Republicans vote to delay individual healthcare mandate - - Tyler, Longview, Jacksonville |ETX News

Republicans vote to delay individual healthcare mandate

The House of Representatives voted on a major part of the Affordable Care Act on Wednesday, attempting to force a delay in the implementation of the mandate of individual health  insurance.

Representatives passed the two bills in the House Wednesday evening, one which formally delays the employer mandate, and the other which would delay the individual mandate for health insurance.

For Tyler doctor Hope Short, any delay in the act would be good for her bottom line.

"I would rather them just de-fund it so we can forget about it and go back and start from scratch," Short said.

The vote comes just two weeks after the President delayed the mandate for employers.

"When you know what's right, you just keep pushing it, and over time people will catch up," said Representative Louie Gohmert.

The vote on the two bills is largely symbolic, Republicans wanting to make it even more known that they strongly oppose the legislation.

"To support the employer and not support the individual doesn't look good politically," said Threlkeld &  Company Insurance Vice President Wendy Bratteli. "Really it's more of a ploy to push them in a corner."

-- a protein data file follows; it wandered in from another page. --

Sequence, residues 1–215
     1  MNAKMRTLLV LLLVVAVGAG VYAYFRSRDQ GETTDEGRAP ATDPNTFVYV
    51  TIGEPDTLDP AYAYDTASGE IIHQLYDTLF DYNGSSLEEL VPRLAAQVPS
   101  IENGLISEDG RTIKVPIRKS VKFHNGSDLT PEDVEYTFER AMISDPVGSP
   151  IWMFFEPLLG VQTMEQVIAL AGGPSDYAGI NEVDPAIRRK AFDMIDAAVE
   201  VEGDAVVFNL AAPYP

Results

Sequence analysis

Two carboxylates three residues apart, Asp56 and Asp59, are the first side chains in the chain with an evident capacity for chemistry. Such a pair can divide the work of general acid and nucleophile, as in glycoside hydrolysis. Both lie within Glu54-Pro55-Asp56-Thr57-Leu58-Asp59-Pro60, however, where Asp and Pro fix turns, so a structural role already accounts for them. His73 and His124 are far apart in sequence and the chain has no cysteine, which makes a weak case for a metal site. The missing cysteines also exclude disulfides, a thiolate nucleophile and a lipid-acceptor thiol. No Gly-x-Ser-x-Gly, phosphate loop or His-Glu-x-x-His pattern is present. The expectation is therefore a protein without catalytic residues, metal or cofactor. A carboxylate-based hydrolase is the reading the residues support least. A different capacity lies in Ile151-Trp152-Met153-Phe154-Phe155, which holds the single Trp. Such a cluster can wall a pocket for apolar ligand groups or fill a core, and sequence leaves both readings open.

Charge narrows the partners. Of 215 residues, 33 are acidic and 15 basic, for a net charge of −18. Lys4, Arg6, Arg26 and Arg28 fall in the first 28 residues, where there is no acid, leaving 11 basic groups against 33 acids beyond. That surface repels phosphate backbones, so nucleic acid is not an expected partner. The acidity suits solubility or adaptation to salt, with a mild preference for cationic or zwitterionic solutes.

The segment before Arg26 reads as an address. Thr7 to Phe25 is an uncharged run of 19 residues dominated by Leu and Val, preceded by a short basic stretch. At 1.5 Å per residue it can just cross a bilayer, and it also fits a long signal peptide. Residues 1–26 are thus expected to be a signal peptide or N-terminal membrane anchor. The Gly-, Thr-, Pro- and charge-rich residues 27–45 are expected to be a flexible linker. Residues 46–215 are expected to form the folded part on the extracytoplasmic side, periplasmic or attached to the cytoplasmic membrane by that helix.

The argument from Republicans is one you do not normally hear: that the President is on the side of big business instead of the people.

"His big businesses supporters, they're explaining, we cannot afford to continue doing what we're doing if you allow this mandate to take place," said Gohmert.

Even after the act begins, those newly insured through the government exchanges might not have doctors to go to.

"You can look at your payer panels and accept and decline certain payers, at this point," said Short.

Either way, Short said she has some tough decisions to make.

"I've already been told by my insurance agent that my cost of insuring the girls that I have is going to go up fifty percent," she said. "Whoever said that Obamacare was going to drive down cost premiums is insane."

While the House passed the bills Wednesday, President Obama has already vowed to veto the bill if it makes it past the Senate and to his desk.

Republicans counter that they will continue to fight until they have enough votes to strike down the act.

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